the development and implementation of an improved A.C.E. Program for the 2010 census. The A.C.E. survey in 2010 should be large enough to provide estimates of coverage errors that provide the level of precision targeted for the original (March 2001) A.C.E. estimates for population groups and geographic areas. An important area for improvement is the estimation of components of gross census errors (including types of erroneous enumerations and omissions), as well as net error. Understanding gross errors is valuable for identifying areas for improvement in census processes. Other important areas for improvement include the inclusion of group quarters in the A.C.E. (they were excluded in 2000); improved questionnaire content and interviewing procedures about place of residence; a simpler procedure for treating people who moved between Census Day and the A.C.E. interview; the development of poststrata for estimation of net coverage errors by using census results and statistical modeling as appropriate; and the investigation of possible correlation bias adjustments for additional population groups (Recommendation 6.1). We also recommend that the Census Bureau strengthen its program to improve demographic analysis estimates, particularly estimates of net immigration and measures of uncertainty for the demographic results (Recommendation 6.2).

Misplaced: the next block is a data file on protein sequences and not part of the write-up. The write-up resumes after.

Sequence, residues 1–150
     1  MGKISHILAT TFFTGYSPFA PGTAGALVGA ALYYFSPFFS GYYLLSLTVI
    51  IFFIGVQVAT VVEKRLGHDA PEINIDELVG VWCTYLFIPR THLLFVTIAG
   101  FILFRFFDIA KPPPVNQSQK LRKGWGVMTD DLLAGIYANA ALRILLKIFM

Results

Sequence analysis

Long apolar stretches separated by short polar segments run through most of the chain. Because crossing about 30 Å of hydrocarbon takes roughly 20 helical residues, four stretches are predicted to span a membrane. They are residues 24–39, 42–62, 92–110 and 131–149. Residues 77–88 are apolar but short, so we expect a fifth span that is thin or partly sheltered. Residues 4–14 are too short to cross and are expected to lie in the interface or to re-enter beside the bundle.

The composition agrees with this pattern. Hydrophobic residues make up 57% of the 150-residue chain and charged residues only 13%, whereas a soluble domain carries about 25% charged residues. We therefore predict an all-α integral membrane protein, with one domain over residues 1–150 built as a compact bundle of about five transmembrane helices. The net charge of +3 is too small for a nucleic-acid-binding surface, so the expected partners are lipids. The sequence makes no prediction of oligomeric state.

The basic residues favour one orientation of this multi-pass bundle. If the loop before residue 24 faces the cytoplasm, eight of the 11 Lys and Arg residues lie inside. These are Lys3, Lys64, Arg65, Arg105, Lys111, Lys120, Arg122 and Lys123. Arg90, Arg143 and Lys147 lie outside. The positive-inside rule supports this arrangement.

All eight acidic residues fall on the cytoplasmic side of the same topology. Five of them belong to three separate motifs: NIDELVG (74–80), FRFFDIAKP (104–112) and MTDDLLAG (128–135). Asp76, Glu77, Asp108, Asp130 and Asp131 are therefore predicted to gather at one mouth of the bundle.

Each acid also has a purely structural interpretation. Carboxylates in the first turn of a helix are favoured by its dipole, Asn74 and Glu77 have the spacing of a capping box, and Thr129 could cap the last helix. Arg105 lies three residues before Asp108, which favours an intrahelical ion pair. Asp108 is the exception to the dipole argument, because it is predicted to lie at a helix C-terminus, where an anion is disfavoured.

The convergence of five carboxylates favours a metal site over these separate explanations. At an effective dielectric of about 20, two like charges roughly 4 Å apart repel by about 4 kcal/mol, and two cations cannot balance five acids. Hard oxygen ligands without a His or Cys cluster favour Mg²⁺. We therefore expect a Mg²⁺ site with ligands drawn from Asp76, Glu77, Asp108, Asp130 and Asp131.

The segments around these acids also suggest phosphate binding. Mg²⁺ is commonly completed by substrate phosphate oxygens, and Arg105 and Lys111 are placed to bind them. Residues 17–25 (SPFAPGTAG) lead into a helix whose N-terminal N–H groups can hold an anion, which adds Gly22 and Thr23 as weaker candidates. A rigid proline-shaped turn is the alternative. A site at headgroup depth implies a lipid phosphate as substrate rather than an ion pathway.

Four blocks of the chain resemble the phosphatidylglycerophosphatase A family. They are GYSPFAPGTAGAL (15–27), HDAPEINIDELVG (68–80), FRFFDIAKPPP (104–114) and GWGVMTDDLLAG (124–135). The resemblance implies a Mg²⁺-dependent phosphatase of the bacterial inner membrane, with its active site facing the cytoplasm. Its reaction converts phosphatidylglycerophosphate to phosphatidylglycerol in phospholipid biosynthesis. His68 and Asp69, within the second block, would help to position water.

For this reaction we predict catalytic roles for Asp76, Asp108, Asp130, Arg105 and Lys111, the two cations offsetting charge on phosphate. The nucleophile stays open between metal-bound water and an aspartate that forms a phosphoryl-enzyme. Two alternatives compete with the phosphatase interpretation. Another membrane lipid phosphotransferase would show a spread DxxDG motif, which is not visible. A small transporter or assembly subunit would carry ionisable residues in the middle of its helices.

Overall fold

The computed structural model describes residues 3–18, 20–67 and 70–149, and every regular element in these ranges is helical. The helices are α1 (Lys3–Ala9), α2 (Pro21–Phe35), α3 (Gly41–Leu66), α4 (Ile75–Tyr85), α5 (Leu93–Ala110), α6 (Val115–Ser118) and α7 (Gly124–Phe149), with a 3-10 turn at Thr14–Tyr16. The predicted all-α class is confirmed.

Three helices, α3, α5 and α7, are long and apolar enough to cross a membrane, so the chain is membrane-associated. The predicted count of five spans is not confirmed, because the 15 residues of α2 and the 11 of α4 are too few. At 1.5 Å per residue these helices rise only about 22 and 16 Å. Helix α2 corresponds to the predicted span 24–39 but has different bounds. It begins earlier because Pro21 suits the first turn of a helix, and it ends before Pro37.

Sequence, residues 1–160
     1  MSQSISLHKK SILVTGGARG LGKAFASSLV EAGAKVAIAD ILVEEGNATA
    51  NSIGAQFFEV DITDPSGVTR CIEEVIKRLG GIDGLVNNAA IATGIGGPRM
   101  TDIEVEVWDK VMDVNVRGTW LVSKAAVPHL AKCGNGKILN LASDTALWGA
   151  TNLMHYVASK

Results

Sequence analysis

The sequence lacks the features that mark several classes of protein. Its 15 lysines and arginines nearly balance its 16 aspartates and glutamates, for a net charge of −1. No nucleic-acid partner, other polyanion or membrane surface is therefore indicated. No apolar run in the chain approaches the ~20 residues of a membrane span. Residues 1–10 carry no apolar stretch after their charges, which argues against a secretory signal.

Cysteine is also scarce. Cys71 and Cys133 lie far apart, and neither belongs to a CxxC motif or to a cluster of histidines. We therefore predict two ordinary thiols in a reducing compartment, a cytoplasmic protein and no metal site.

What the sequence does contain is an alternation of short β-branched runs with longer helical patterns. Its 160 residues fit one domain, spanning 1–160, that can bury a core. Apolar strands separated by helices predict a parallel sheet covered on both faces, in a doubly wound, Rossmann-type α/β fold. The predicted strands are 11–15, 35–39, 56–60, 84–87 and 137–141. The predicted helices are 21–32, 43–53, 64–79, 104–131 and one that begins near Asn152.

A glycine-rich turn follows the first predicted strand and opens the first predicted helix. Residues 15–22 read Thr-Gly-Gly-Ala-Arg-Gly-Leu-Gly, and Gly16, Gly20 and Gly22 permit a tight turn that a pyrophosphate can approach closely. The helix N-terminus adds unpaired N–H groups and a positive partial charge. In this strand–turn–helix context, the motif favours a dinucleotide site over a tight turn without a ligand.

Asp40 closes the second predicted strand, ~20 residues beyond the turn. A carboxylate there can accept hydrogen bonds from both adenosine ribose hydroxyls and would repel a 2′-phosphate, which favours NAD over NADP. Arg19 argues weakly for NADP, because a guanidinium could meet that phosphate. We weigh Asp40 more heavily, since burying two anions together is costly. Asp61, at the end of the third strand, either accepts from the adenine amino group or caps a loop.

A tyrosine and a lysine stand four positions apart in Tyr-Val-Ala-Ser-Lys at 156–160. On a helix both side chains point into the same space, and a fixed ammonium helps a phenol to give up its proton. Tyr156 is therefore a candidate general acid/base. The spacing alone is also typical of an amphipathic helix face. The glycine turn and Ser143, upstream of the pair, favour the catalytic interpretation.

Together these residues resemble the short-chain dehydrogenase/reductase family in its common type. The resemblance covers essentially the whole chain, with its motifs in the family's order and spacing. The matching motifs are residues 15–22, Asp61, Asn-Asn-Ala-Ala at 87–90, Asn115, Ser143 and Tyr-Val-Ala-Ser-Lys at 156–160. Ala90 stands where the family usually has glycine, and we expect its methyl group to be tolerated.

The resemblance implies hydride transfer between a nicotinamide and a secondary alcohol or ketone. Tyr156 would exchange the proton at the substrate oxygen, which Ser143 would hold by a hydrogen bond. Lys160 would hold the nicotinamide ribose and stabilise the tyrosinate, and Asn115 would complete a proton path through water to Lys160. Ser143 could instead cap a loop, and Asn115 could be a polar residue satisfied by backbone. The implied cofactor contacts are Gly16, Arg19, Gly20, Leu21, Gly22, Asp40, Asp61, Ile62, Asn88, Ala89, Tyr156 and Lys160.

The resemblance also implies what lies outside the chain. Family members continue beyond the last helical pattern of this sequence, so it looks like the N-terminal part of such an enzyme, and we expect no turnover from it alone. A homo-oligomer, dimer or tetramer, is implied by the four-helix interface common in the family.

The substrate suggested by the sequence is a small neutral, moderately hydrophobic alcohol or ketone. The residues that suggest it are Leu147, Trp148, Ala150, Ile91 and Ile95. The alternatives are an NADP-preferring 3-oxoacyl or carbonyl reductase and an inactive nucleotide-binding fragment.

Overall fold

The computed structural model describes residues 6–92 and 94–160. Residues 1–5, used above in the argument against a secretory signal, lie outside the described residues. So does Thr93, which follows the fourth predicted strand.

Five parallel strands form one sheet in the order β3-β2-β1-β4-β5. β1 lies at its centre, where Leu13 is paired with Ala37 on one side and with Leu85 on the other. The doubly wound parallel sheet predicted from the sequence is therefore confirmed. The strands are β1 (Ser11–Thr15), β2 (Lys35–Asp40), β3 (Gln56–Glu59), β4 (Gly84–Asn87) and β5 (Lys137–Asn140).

It is clear from the experience with the 2000 A.C.E. that evaluation of coverage errors in the census takes time. It also takes time to evaluate census processes and the quality of the census data for individual items. In the panel’s view, adequate evaluation of the census block-level data for congressional redistricting is not possible by the current deadline. Congress should consider moving this deadline to allow more time for evaluation of the completeness of population coverage and quality of the basic demographic items before they are released (Recommendation 6.3). Users should be aware that census counts at the block level—whether based on the enumeration or adjusted for coverage errors—are subject to high levels of variability; these data should be aggregated to larger geographic areas for use.
The 2000 census data for items asked of everyone (age, sex, race, ethnicity, household relationship, housing tenure) were quite complete at the national level—missing data rates ranged from 2 to 5